1. Choose Like for Like

Most of us rely on some convenience foods most days, so take a little time to find staple pantry items such as bread, pasta, and breakfast cereals that are both vegan and gluten-free. (Many stores have dedicated free-from sections where you may find these.) Choose soy milk over oat milk (unless you can find gluten-free oat milk) and spend some time reading labels to find what products will work for you. It’s best to do this when you are not rushing, and when you are not already hungry and frustrated. 

2. Embrace Cooking

If you have time to cook from scratch, you can better control the ingredients you are ingesting. You’ll know that the pancakes you have for breakfast are made with buckwheat flour, or the stew you’re cooking for dinner is thickened with peanut butter, not gluten-contaminated corn starch. Batch cooking can take some of the stress out of cooking from scratch, and means you don’t need to find time to make whole meals every day.

3. Find Your Tribe

Rest assured, you are not the only vegan with celiac disease, so join groups online where you can connect with others. There, you will find a wealth of experience and knowledge, and meet lots of people who can suggest products, tips, and advice.

4. Get Some Culinary Inspiration

There’s no doubt that being vegan with celiac disease can be challenging, but if you can find a food channel or recipe creator that you love, they can take the strain out of many a meal time. Try these recipe sites to start you off: Eat Plant-Based, Rebel Recipes, and The Simple Veganista.  

5. Keep Snacks Available

We are all likely to make poor decisions when we are hungry. We’ll grab a bag of anything if it stops our stomachs rumbling, even if it makes us feel ill or guilty a few moments later. Set yourself up for success by keeping gluten-free vegan snacks readily available.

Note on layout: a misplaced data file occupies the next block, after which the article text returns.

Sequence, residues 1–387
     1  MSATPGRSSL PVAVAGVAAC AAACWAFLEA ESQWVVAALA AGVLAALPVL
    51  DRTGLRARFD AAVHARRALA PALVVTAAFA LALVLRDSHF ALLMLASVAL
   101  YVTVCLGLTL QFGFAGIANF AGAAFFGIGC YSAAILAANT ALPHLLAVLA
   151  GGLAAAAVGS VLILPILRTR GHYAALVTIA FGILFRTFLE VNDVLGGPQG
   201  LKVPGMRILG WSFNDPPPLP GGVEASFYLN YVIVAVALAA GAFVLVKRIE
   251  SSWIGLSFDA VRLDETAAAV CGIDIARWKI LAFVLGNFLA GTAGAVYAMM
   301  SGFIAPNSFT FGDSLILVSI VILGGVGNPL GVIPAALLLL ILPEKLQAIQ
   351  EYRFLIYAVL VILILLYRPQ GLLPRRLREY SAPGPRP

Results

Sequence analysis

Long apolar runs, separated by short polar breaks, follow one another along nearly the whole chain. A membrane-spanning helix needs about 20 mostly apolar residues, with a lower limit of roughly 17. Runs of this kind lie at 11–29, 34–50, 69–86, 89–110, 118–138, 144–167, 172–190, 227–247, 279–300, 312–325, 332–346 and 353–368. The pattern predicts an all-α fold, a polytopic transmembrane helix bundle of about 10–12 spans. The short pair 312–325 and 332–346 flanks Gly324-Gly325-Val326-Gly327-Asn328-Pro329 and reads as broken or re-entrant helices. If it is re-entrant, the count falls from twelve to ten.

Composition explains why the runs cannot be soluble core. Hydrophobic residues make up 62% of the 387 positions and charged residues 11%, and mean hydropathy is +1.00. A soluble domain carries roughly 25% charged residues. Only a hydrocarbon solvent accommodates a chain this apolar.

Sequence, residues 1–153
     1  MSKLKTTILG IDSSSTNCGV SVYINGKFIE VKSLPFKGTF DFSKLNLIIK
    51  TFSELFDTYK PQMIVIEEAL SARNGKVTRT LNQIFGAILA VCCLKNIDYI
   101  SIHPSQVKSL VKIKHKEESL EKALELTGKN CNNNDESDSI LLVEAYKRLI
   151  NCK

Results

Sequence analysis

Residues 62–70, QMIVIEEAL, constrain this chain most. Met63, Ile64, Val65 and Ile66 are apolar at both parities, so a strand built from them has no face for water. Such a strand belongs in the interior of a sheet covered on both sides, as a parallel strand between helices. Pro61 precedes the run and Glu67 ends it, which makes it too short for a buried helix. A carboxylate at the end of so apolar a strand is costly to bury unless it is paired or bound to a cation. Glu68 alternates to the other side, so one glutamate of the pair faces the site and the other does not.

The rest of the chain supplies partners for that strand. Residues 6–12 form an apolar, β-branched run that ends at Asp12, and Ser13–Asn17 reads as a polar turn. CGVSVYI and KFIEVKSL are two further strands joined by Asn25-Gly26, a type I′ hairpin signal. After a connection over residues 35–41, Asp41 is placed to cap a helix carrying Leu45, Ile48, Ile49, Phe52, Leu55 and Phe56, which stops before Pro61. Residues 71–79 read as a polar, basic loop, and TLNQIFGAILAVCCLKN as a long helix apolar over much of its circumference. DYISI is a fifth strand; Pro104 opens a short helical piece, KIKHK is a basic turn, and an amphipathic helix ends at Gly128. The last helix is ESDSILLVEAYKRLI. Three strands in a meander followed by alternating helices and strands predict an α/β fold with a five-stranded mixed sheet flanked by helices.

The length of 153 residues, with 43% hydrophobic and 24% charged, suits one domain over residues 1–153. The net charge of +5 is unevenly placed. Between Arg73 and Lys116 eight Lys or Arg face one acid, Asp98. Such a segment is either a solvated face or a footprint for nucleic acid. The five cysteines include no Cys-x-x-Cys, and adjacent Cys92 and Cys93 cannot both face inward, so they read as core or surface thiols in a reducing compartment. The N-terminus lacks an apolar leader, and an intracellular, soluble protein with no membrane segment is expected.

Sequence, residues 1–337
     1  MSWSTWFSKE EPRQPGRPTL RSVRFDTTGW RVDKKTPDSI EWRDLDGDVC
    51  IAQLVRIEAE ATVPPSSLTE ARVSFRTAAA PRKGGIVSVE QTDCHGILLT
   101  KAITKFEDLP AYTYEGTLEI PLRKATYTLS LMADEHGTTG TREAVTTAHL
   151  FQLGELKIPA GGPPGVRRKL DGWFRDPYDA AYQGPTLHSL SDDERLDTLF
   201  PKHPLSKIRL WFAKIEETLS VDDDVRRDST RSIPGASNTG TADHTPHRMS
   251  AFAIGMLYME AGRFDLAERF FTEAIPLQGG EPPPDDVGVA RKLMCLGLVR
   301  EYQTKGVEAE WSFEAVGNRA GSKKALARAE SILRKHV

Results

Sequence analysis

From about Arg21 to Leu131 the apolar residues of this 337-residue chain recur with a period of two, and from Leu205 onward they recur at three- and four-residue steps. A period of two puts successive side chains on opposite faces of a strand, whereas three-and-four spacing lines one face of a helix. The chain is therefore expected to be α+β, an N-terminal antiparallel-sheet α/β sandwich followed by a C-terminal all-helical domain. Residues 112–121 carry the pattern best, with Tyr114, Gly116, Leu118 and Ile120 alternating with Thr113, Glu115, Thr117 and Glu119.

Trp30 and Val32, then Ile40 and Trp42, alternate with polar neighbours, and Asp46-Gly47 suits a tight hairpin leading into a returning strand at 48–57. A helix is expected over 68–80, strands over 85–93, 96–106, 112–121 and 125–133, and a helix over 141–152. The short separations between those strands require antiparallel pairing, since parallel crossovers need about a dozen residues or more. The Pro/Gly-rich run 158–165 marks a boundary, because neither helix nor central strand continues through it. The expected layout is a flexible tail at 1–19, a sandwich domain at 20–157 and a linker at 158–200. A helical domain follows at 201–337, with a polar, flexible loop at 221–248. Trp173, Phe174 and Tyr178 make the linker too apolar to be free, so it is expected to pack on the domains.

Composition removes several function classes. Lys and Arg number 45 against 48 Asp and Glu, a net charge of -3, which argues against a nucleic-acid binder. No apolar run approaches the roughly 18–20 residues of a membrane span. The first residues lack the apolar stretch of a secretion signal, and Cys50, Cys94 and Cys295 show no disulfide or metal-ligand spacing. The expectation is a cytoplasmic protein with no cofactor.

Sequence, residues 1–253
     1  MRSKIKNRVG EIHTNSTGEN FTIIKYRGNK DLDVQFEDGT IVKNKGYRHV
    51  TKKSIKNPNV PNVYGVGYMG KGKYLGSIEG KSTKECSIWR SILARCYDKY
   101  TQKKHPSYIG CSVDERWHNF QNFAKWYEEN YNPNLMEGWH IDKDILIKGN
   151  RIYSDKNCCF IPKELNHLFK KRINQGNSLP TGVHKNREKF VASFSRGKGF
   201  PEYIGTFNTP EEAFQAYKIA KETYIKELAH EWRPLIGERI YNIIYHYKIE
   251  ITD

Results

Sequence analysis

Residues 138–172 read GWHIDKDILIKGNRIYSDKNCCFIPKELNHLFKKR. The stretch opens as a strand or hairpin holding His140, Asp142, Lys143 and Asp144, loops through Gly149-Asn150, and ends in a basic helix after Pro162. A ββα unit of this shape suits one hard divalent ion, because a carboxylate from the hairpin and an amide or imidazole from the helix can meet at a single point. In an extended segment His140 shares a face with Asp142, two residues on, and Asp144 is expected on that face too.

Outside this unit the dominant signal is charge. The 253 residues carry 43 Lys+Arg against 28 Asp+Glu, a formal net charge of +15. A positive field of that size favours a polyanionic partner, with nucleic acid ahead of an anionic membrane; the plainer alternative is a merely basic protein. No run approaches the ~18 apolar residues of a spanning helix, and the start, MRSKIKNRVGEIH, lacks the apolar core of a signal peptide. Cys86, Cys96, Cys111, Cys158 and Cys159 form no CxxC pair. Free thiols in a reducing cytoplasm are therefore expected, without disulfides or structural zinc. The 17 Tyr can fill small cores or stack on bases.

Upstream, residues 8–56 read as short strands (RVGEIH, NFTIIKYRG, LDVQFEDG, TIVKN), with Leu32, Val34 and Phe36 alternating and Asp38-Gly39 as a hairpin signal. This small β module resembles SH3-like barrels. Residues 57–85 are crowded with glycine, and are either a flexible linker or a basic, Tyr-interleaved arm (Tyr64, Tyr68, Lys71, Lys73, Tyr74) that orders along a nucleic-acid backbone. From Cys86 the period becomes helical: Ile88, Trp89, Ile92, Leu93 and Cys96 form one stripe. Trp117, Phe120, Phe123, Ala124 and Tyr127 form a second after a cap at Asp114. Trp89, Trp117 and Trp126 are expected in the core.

6. Plan Ahead

If you know you have a busy week coming, take some time to prepare. Can you ensure the freezer is stocked with meals? If you are going to be traveling, can you pack a bag of snacks to take with you? And before you leave, take some time to search out restaurants where you will get a good meal. Vegetarian and vegan restaurants often list which options are gluten-free, making these a great option for eating out. Check the HappyCow app or website to find your nearest veggie-vegan store or restaurant. 

7. Focus on Abundance!

It is easy to dwell on the things we cannot have, but if we focus our energies and attention on all the things we can, we can find joy and contentment. (And isn’t this true of many areas of life, and not just food?!) Often, we limit ourselves to the same tried-and-tested meals or foods, but there is much more available for us if we look for it. Don’t be afraid to try new things. 

8. Treat Yourself

There are several vegan gluten-free subscription boxes available where you will receive a box of delicious hand-picked goodies every month. If you can afford to do this (or perhaps you can ask for it as a birthday gift) then you will always have something lovely to look forward to, and can take a break from label-reading.

9. Be Kind to Yourself

Both new and seasoned vegans make mistakes, and when you need a gluten-free diet, the chances of slip-ups can increase. If you eat something that has animal products in it either accidentally or because you just couldn’t find anything else, don’t beat yourself up. We do not live in a perfect world. If we did, and could devise a food system from scratch, we could ensure there was plenty of affordable, delicious, wholesome, plant-based, gluten-free foods readily available for us to choose from. The reality is we have to choose from whatever is marketed around us. So, if you have a bad day, be kind to yourself. And don’t let it be a reason to give up. 

For more information, check out PlantDietitianRosie, a nutritionist who has been vegan for a decade and was diagnosed with celiac disease as a baby. And VeganCeliac, who features lots of tasty vegan, gluten-free foods.